Young professionals are heading to cities and some have vowed to stay, forsaking the suburban life completely.
Some suburbs have seen the number of their younger residents shrink dramatically over the past few years, and they’re trying to figure out ways to lure young professionals back, The New York Times reports.
For example, some suburban towns are trying to make themselves more appealing to younger residents by constructing more affordable apartment complexes or appealing more to their lifestyle, such as with concert venues, diverse restaurants, or added bicycle lanes. Some cities near train stations are taking it as an opportunity to refresh their downtowns. For example, Westbury, N.Y., a village of 15,000 people, is building 850 apartments – condos, co-ops, and rentals – near the train station in the hopes of attracting more younger residents. It also added a new concert venue.
Suburban towns are responding after recent population reports have put their age breakdowns in perspective. For example, Westchester, Nassau, and Suffolk, N.Y., have seen their populations of young professionals decline. Rye, N.Y., has seen a 63 percent drop in 25- to-34-year old residents and a 16 percent decrease in 35 to 44 year olds between 2000 and 2011. Likewise, Chevy Chase, Md. – a suburb of Washington, D.C. – has lost 34 percent of its 25 to 34-year olds, and nearby Bethesda and Potomac have lost 19.2 percent and 27 percent, respectively. Other similar declines have been noted in suburbs outside of Chicago and Boston as well.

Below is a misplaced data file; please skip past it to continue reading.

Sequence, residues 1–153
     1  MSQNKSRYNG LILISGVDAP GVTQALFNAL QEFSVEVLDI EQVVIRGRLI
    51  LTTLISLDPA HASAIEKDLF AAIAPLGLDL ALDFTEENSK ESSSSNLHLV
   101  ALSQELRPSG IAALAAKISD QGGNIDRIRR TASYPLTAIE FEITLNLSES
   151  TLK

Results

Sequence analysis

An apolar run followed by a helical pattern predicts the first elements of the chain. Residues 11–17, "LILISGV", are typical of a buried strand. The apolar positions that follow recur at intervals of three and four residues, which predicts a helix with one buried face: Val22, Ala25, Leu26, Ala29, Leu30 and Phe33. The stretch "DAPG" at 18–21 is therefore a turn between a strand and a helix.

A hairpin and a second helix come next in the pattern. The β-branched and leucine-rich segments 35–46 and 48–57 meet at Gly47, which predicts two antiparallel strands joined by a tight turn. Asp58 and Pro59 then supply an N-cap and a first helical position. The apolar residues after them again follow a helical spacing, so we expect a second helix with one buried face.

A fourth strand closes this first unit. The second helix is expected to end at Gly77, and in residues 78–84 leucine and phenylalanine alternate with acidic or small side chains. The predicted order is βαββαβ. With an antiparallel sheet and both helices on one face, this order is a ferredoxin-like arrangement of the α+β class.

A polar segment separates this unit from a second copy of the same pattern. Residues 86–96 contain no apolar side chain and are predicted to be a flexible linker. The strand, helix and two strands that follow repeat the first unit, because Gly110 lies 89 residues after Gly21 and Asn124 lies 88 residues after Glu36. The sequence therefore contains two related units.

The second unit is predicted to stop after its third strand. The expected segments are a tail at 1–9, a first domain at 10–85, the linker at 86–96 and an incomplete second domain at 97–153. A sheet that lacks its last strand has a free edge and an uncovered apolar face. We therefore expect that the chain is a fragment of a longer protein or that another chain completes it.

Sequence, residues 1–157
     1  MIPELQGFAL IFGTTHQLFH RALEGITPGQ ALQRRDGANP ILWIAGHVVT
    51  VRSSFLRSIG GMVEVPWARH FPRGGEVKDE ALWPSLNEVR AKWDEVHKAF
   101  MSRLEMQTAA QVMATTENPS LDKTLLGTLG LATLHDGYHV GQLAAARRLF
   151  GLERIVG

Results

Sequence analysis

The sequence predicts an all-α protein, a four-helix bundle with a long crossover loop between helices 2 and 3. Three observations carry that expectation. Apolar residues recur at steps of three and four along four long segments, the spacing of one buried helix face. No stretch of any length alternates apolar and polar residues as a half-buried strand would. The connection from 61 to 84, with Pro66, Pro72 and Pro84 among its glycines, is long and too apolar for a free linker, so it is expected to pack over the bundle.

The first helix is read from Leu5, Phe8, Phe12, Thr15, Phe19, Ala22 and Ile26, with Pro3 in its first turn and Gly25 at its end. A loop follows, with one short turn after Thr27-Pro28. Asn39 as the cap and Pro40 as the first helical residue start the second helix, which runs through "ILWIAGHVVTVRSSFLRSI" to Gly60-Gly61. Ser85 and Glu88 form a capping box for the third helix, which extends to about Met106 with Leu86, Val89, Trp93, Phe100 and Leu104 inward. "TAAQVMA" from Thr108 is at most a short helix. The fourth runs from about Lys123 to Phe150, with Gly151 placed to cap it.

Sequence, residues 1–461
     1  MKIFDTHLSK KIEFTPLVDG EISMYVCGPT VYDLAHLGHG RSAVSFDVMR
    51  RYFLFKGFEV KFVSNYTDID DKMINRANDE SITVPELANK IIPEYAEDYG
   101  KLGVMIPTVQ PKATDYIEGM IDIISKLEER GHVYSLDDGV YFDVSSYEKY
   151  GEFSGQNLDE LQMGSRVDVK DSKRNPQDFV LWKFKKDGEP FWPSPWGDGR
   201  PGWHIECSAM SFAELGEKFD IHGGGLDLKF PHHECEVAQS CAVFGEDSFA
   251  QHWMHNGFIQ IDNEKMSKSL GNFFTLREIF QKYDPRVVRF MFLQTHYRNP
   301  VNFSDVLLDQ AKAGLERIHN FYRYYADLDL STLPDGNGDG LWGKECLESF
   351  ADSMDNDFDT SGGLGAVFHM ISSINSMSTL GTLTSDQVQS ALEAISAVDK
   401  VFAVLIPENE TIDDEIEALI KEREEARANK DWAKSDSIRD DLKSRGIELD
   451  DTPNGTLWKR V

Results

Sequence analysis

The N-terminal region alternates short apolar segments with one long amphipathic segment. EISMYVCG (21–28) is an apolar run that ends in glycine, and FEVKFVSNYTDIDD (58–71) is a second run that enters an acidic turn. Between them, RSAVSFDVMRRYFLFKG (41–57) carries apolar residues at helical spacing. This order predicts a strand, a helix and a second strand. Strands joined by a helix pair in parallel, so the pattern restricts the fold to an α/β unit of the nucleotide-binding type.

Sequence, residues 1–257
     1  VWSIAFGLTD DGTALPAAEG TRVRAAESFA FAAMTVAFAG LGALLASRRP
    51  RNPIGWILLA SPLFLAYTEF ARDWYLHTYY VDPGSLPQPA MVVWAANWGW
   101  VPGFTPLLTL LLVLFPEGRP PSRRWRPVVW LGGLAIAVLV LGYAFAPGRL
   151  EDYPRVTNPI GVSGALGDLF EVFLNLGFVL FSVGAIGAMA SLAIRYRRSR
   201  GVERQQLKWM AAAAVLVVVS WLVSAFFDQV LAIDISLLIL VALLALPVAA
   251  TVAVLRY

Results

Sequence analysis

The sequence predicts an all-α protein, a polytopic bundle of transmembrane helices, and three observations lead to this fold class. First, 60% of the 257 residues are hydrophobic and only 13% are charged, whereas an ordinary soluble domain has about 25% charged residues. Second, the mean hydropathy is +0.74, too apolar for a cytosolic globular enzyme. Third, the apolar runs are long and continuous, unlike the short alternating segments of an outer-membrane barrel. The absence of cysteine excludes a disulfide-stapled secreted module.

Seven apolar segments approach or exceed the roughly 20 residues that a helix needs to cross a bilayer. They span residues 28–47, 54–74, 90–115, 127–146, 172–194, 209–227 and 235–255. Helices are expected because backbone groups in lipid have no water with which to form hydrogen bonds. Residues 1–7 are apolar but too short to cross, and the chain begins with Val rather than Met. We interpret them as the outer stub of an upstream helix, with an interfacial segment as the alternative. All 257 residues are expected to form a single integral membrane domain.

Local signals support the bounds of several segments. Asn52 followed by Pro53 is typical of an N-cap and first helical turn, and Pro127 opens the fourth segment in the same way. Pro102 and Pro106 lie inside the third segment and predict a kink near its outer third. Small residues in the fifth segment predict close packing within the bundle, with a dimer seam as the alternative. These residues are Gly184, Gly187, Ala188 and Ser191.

Some housing groups say that the increasing cost for homes and the resistance of some localities to build apartment buildings with modest rentals is fueling the trend.
The greatest population losses were in the “least diverse communities with the most expensive housing, which happen also to be those that have almost no affordable multifamily housing,” says Alexander Roberts, executive director of Community Housing Innovations, an advocacy group for affordable housing that released a report looking at the loss of the young professional population in New York counties.
But not all officials see suburbs’ future at risk. Edwin J. McCormack, a communications director for Westchester County who also has studied the problem, says that young people are marrying later and, therefore, delaying their moves to the suburbs later. “Parents used to be 35ish, now they’re 45ish,” McCormack says. “What we’re seeing is not so much an exodus as a later arrival.”